Michael Abramson, "Palante" (2011), cover

Michael Abramson, “Palante” (2011), cover

Stylistically, then, Palante could be described as traditional. The difference which makes it a true breakthrough in the gray room is that Abramson chose to commit his energies as a photographer to a group of people who not only are aware of what is wrong in their lives but have clear and cogent ideas about how to change it. Such a high-profile approach to the issues is certainly dangerous, and no doubt will create a lack of credibility for Abramson in certain circles — the same circles which insist that if you’re going to do a story on prison conditions in New York City, you’re obliged to let Prison Commissioner and apologist George McGrath have his say in obeisance to the equal-time rules. Abramson may not be “objective” but neither he nor the Lords — who share credit for the book — are propagandists either. In fact, what makes the book not only a moving document of a significant struggle but a tool for change in itself is that it is a series of personal testaments and hard-won insights into America, not a phrase-mongering diatribe.

Palante sets a high standard for activist photojournalism, and shows the way. It will take courageous, committed photographers to follow Abramson’s lead, but the challenge implicit in its existence is one which we have every right to insist be met from now on.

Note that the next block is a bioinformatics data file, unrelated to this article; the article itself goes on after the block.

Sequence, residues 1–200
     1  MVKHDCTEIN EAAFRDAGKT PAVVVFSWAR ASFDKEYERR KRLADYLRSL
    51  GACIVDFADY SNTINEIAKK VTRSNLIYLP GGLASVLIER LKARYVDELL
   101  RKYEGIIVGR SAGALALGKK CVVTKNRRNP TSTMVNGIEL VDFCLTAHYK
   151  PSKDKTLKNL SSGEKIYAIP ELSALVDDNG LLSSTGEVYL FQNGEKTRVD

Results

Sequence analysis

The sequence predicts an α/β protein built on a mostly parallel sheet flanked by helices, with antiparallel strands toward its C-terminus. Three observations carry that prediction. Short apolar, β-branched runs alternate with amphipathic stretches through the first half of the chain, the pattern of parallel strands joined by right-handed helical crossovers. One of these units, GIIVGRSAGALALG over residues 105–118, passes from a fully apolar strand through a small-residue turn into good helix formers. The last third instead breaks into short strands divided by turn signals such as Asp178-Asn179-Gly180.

(First published as “Breakthrough in the Gray Room,” Village Voice 16:41 (14 Oct. 1971,) pp. 32-33. Reprinted in Coleman, A. D., Light Readings: A Photography Critic’s Writings, 1968-1978 (First ed. New York: Oxford University Press, 1979; second ed. Albuquerque: University of New Mexico Press, 1998), pp. 82-85.

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3 comments to Michael Abramson, Palante (1971)

  • Peter Morgan

    “What matters is not to know the world but to change it.”
    ― Frantz Fanon, Black Skin, White Masks

    Somehow, getting the well-meaning, who are in agreement about the injustice, to act, or even for a few to act … that seems to be the question. What photography makes it so? Or is it some larger context into which a photograph – the right image at the right time – that is the trigger?

    • A. D. Coleman

      I doubt that we could come up with any strategy or formula for a photograph that would stir diverse people to action. I don’t think that analysis of photographs that have proven effective in that way would propose a methodology. Much of it is a matter of chance. But the willingness of photographers to address tough issues, large and small, is certainly bedrock.

  • Denise Oliver-Velez

    Hi – just want to make a correction – Geraldo Rivera was not one of the founders of the Young Lords, and was never a member – he was the attorney for the New York YLO/YLP